Haag v. Infrasource Corporation Services LLC et al
Memorandum Opinion and Order granting 16 MOTION for Judgment Confiriming the Arbitration Awards, denying 35 MOTION for Sanctions, denying 19 MOTION to Vacate Arbitration Award, denying 30 MOTION for Sanctions. Signed by District Judge Tom S. Lee on 3/5/12 (LWE)
UNITED STATES DISTRICT COURT
SOUTHERN DISTRICT OF MISSISSIPPI
FRED M. HAAG
CIVIL ACTION NO. 3:07CV387TSL-MTP
INFRASOURCE CORPORATE SERVICES, LLC
F/K/A INFRASOURCE CORPORATE SERVICES, INC.
AND DAVID R. HELWIG, INDIVIDUALLY
MEMORANDUM OPINION AND ORDER
This cause is before the court on the motion of defendants
Infrasource Corporate Services, LLC, f/k/a Infrasource Corporate
Services, Inc. and David R. Helwig for judgment affirming the
arbitration award, pursuant to § 9 of the Federal Arbitration Act
(FAA), 9 U.S.C. § 1, et seq.
In opposition to the motion,
plaintiff Fred M. Haag filed a “combined motion to lift stay and
vacate and/or modify the arbitration award,” pursuant to 9 U.S.C.
§§ 10 and 11, which is opposed by defendants.
Finally, before the
court are the parties’ competing motions for sanctions under Rule
11 of the Federal Rules of Civil Procedure, which are opposed.1
Having considered the parties’ memoranda, the court concludes that
defendants’ motion for judgment affirming the arbitration award is
In some respects, the briefing on plaintiff’s motion for
sanctions amounted to an effort to supplement the briefing on the
substantive motions. As neither party sought leave to do so, the
court did not consider these new arguments and certainly did not
consider evidence not presented to the arbitrator in reaching its
decision on the substantive motions.
well taken and should be granted and that the remaining motions
are due to be denied.
In July 2007, plaintiff filed suit against defendants, his
former employers, asserting various causes of action related to
his April 2007 termination.
Following the court’s September 17,
2007 order granting defendants’ motion to compel arbitration, Haag
proceeded to arbitration on claims for breach of contract and for
His principal claim was that defendants breached
his “Management Agreement” by refusing to allow him the severance
wages and benefits due upon termination under the terms of the
Defendants, on the other hand, maintained that during
his tenure, Haag had improperly received a housing allowance and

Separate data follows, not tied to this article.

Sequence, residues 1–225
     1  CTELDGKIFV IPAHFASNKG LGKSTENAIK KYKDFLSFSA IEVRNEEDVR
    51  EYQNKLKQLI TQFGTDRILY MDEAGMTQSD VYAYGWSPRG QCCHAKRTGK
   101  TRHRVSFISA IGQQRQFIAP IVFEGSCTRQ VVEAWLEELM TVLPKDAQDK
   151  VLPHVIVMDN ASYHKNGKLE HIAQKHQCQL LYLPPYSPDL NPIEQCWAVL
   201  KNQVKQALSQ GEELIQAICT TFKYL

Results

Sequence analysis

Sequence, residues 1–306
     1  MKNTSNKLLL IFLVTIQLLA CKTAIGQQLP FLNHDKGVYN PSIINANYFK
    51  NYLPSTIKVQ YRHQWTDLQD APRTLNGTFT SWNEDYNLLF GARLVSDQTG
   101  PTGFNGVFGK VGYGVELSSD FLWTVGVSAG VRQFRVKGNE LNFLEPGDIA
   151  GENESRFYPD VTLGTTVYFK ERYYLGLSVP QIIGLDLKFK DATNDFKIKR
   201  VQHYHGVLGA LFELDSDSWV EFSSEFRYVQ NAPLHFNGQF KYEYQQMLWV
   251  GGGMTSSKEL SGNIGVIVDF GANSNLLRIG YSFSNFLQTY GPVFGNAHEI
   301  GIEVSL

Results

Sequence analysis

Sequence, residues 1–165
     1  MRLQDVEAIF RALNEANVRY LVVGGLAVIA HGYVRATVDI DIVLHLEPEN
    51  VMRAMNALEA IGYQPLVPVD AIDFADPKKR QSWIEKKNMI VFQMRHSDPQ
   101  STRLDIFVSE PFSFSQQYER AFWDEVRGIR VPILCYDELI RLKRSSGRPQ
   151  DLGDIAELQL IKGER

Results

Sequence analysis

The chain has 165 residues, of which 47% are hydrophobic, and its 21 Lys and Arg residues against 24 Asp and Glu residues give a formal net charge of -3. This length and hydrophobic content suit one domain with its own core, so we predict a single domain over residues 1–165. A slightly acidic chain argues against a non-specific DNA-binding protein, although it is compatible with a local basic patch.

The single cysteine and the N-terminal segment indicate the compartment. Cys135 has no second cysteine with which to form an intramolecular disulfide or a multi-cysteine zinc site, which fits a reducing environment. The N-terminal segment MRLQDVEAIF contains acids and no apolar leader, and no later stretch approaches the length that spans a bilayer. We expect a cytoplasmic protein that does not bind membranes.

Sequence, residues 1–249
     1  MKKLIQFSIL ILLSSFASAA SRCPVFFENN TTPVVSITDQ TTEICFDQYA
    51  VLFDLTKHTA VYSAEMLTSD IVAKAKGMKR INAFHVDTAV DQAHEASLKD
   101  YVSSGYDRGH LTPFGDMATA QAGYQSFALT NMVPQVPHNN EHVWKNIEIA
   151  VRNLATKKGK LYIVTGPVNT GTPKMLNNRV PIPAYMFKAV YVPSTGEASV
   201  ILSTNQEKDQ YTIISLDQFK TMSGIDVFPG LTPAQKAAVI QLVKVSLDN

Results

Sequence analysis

had additionally improperly requested and received various other
expenses (including but not limited to a per diem allowance,
automobile allowance, and air fare), to which he knew or should
have known he was not entitled; that this amounted to “gross
misconduct” under his Management Agreement’s definition of
“cause”;2 and that as a result of his termination for “cause,” he
In a May 7, 2007 letter detailing the reasons for his
termination, InfraSource asserted that Haag
knowingly authorized reimbursement of expenses and
company-paid perks for [his] own benefit without
approval, including a $500/week per diem for [him]self,
an automobile allowance of $1,000 per month, a housing
allowance of $1,216 per month and personal airline
travel expenses in excess of $18,000. At the same time,
[Haag] [was] receiving these unauthorized payments, [he
was] submitting expense statements and being reimbursed
for business-related expenses, frequently without the
had no right under the terms of the agreement to the severance
benefits or stock options prescribed by the agreement.3
On August 2, 2011, the arbitrator dismissed Haag’s claims
upon finding there was “cause” for Haag’s termination.
arbitrator recited the facts, as follows:
Claimant entered into an employment contract with
Respondent entitled “Management Agreement” on August 30,
2004. The management agreement provided that Claimant
would be employed in the position of Senior Vice
President-Electrical, or in such other executive
capacity or capacities at the same level of seniority as
may be determined from time to time by the CEO of
Infrasource. However, Respondent decided to assign
Claimant to troubleshoot its largest customer, Exelon,
in the fall of 2004, to which Claimant never objected.
Subsequently, Claimant’s former employer filed suit
against Claimant for breaching his covenant not to
compete by joining Infrasource. As part of the
settlement of that litigation, the parties agreed that
Claimant would not serve as “Senior Vice PresidentElectrical” and would remain on the Exelon engagement
until his obligations under the covenant expired. In
approvals required per the Company’s Delegation of
[E]ven after being reprimanded for not abiding by these
policies, [Haag] continued to misappropriate company
funds and paid [him]self and others amounts which were
not authorized and in violation of company policies.
Additionally, [Haag] received a housing allowance even
though [he was] living in an apartment which was paid
for by another employee who was being reimbursed for
Haag had originally sued for wrongful termination, in
addition to breach of contract, but eventually dropped that claim,
acknowledging that under Pennsylvania law, which governed the
parties’ agreement by virtue of a choice-of-law provision therein,
defendant had the right to terminate his employment for a good
reason, a bad reason, or no reason at all.
August of 2005, Haag became President of Infrasource
Transmission Services “ITS”.
In 2006, Infrasource conducted an internal audit of
its employee reimbursements for living expenses to